W. Storer How arrived in Staunton in late July 1865 to serve as Superintendent of the Virginia Bureau’s Sixth District, compromising much of the Shenandoah Valley. Frederick Tukey served as How’s agent in Staunton during this time. The immediate concerns of the Bureau were to aid in the formation of employment contracts between blacks and their employers, as well as to clarify the new relationship between freedmen and their former masters. How’s early reports identify much hostility and tension on the part of the white community toward the new freedoms of African Americans, leading How to argue that if federal troops were to be withdrawn from Augusta County (and the Shenandoah Valley) the position of local blacks would become worse than it had been under slavery. Relief for the poor and education were two other issues of primary importance to the black community in Augusta County after the war, and efforts to organize schools for freedmen began immediately.
George T. Cook assumed the position of Assistant Superintendent/Agent for the Freedmen’s Bureau in May 1866 (displacing Frederick Tukey in Staunton), when Augusta and Highland Counties were transferred to the jurisdiction of the Seventh Sub-District (headquartered in Lynchburg, Virginia). Among the most pressing issues that confronted Cook was the overt prejudice against freedmen in the legal system, various contract disputes, and setting up schools for freedmen. In these records appears a scathing letter from Nelson Irwin, a local freedman, who wrote to General John M. Schofield complaining about the condition of blacks in Augusta County, decrying the Bureau’s weakness and its inability to enforce justice. Cook responded by calling the letter “overdrawn” but generally accurate.
In January 1867, the Freedmen’s Bureau again reorganized its districts, this time making Augusta County part of the Ninth Sub-District (headed by John A. McDonnell in Winchester). With this reorganization, came the reappointment of Frederick S. Tukey as Assistant Superintendent in Staunton. During Cook’s tenure Tukey had remained in Staunton, occasionally serving a clerk in the Bureau and participating in the life of the community. The change in personnel, however, prompted a series of accusations of mismanagement against Tukey from his previous administration, as well as accusations of disloyalty, first leveled by Cook himself. In the end, Tukey was exonerated from any serious wrong-doing, but he was relieved as agent in April 1867. Aside from the scandal, Tukey’s tenure as agent required him to address the problem of providing material aid to needy freedmen and serving the legal interests of freedmen in Augusta County.
The Bureau appointed Thomas P. Jackson to the Staunton office in April 1867 as part of another reorganization (this time making Augusta County, together with Highland County, the 4th Division of the 9th Sub-District of Virginia). Jackson’s administration was the most prolific in terms of documents produced and business transacted. Jackson was often described as a skillful and effective agent by those around him (although he was often scolded by superiors for failing to complete reports in a timely fashion). Concerned with education, Jackson spent much of his time recruiting teachers and setting up school houses. During the spring of 1867, this work brought Jackson into a dispute with a local church (which would continue beyond his term as agent) over use of the church building for a freedmen’s school. At the same time, Jackson also concerned himself with continuing to reunite families separated before and during the war, mediating conflicts over contracts and wage disputes, and working with the local Augusta County authorities in regard to the support of indigent freedmen.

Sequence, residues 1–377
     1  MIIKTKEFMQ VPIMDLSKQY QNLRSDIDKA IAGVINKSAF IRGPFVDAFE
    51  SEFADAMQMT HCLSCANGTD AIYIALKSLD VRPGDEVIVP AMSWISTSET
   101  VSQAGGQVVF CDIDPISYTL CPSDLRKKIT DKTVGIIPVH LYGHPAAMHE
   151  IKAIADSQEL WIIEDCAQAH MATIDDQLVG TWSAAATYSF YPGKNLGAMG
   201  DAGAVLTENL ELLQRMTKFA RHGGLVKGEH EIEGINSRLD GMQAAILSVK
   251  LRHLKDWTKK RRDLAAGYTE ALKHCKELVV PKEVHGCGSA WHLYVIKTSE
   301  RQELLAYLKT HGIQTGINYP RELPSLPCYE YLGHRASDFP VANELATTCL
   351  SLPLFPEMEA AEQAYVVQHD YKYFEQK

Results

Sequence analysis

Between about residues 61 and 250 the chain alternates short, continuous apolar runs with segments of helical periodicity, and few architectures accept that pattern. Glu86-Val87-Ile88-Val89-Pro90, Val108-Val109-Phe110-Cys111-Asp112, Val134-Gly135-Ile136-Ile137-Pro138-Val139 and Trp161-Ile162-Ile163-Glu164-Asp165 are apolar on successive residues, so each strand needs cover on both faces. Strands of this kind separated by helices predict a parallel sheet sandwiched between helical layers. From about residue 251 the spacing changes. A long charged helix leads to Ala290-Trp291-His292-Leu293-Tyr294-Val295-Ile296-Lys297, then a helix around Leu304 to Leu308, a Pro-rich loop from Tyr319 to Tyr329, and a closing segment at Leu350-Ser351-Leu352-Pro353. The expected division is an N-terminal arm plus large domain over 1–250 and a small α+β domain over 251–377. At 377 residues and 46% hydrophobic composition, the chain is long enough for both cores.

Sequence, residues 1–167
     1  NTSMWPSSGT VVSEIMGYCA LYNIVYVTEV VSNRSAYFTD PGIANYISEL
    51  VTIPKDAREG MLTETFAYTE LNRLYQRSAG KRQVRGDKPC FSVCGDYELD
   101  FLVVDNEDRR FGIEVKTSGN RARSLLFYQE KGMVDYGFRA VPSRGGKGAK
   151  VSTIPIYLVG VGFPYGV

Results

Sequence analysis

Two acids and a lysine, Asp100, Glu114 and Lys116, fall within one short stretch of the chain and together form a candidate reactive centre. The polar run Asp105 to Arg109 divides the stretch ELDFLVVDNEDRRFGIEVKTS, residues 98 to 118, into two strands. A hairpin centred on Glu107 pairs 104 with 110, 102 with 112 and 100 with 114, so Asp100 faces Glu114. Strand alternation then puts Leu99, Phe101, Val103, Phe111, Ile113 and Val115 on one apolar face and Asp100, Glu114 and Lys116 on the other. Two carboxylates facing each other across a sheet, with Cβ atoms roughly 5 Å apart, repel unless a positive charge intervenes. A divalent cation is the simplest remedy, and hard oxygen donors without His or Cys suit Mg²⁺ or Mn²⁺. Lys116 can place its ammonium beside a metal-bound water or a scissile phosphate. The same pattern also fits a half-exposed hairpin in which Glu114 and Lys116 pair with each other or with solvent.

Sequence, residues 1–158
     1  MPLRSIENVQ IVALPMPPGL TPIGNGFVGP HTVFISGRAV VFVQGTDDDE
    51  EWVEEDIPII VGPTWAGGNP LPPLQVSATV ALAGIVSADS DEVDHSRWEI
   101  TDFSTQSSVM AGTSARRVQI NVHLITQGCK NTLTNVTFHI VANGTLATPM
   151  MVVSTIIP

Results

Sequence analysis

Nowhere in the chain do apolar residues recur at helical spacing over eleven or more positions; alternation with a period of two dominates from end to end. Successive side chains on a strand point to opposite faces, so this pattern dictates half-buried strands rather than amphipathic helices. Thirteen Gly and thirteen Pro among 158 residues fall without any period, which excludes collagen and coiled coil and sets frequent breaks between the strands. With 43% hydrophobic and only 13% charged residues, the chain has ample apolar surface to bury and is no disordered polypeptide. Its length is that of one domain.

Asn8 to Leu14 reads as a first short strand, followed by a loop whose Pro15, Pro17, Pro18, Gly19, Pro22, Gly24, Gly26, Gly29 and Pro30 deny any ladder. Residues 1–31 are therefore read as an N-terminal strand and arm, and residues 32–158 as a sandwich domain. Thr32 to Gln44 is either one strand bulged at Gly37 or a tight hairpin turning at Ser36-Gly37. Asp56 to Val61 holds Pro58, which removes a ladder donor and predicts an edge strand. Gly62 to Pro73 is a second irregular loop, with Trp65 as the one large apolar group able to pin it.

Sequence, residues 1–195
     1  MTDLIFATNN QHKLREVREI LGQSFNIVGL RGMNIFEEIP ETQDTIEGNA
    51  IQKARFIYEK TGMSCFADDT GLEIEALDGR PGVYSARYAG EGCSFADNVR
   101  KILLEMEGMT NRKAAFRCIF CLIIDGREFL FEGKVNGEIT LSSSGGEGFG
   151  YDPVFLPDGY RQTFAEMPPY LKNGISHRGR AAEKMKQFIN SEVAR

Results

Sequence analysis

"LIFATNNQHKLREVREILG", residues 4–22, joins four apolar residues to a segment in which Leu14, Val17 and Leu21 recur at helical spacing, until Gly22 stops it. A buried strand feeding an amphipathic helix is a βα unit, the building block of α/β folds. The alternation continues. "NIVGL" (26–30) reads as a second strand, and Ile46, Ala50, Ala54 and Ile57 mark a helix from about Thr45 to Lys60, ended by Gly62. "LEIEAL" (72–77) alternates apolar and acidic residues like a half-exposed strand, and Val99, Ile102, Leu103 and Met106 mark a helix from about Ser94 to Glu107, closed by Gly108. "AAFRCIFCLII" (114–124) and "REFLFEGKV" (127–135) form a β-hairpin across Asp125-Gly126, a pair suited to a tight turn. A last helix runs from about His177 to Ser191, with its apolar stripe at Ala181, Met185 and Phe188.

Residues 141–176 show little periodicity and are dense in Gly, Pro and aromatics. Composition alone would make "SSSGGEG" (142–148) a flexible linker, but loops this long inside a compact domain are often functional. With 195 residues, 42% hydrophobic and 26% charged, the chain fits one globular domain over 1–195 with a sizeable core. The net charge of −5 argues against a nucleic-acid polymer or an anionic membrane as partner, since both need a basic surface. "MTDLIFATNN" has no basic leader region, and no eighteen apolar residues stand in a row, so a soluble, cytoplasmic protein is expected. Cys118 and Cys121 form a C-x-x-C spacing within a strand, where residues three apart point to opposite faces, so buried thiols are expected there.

John W. Jordan took over as the agent in Staunton in April 1868. Jordan had served previously as the agent in Farmville, Virginia (where Jackson was transferred after leaving Staunton). Early in his tenure, Jordan reported that treatment of blacks in the legal system might be improving, although he still did not trust the courts to treat freedmen equally. Race relations in Augusta do not seem to have been improved by this point, as Jordan found himself regularly involved in mediating disputes between whites and blacks in order to ameliorate hostilities. Jordan, in fact, witnessed one of the Ku Klux Klan’s early marches through the streets of Staunton on May 3, 1868. His letters to Bureau and local authorities describe the demonstration, as well as the uproar caused by it.
Roswell Waldo became the Staunton Bureau agent in August 1868, and was immediately disgusted by the brazen cheating of local blacks by their employers in Augusta County. Waldo spent much of his time working with the schools and trying to improve the education of freedmen (where the controversy with the church that began with Jackson reemerged), while also trying to address the entrenched poverty of the freedmen. Waldo spent the last few months of the Bureau’s tenure sorting through these issues while also wrapping up local Bureau operations. As he closed the Staunton office, Waldo reported that Augusta whites became more belligerent in their attacks on blacks.
After the close of the Staunton Bureau office, several administrative matters still needed to be completed. There were also several letters, over a span of two years, that made their way to Bureau officials and the Superintendent of Education about the state of schools in Augusta County. This section comprises correspondence sent after the official close of the Bureau in December 1868.